How to Aim the Club Face to Improve Your Golf Swing

By Steve Silverman

Improving your swing is an important goal to have. Golfers may like to impress their playing partners with a long drive on a par-5 hole, but it is consistency that will pay off over the long run. Being able to line up correctly and put the club in the correct position will help you achieve that consistent swing.


Difficulty: Moderate
Step 1
Line up with your shoulder square to the target. The first step in aligning yourself correctly is to make sure your left shoulder (for a right-handed golfer) is facing the target. Your left foot needs to be directly underneath your left shoulder.
Step 2
Place the ball midway between your feet. Many golfers think they will be able to get the ball up in the air by playing the ball closer to their front foot, but that may result in the loss of accuracy. While playing the ball closer to the front foot is fine with a driver, it should be avoided with your other clubs.
Step 3
Square the club face to the ball. If the club face is angled to the right, the chances are that you will send your shot to the right. If you angle your club face to the left, the ball will likely go to the left. Make sure the middle of your club face is directly behind the center of the ball.
Step 4
Check the position of your club face by taking it back halfway on your practice swing. Stop when you have brought the club back to thigh level. Look at the club face. If it is angled to the right, your shot will go off to the right. If it is angled to the left, your shot will veer off to the left. Make sure you bring your club straight back to keep the club face from going off its appointed course.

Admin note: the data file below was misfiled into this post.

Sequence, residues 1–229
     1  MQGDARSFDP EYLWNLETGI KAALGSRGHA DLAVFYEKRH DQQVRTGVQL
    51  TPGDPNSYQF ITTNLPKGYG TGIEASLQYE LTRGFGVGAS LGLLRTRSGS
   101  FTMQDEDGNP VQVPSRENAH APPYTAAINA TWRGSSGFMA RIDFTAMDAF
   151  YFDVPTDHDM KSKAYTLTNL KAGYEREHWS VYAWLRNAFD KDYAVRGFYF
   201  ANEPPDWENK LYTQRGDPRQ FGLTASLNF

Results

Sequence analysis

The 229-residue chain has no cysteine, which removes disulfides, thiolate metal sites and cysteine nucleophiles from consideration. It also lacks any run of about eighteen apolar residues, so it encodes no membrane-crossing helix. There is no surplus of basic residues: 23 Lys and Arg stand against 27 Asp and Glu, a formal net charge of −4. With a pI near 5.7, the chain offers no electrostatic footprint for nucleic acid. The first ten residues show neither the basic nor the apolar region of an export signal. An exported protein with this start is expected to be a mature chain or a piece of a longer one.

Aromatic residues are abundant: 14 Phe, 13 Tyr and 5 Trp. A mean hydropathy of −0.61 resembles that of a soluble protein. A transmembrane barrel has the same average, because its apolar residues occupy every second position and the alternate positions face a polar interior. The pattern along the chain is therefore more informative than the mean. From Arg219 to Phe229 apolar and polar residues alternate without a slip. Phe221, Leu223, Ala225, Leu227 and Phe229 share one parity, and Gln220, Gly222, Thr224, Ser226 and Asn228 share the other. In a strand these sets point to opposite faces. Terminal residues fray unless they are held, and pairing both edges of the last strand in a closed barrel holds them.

Step 5
Grip the club at about a "5" on a tightness scale of 1 to 10. This is the equivalent of a firm handshake of someone you have met for the first time. Any looser than that and your club will wobble in your hand at contact and your ball will slice to the right. If it's tighter than that, you will most likely hook the ball to the left.

Tips & Warnings

Concentrate on club head positioning and alignment when you go to the practice range.

About The Author

Steve Silverman is an award-winning writer, covering sports since 1980. Silverman authored The Minnesota Vikings: The Good, The Bad and The Ugly and Who's Better, Who's Best in Football -- The Top 60 Players of All-Time, among others, and placed in the Pro Football Writers of America awards three times. Silverman holds a Master of Science in journalism from the Medill School of Journalism.


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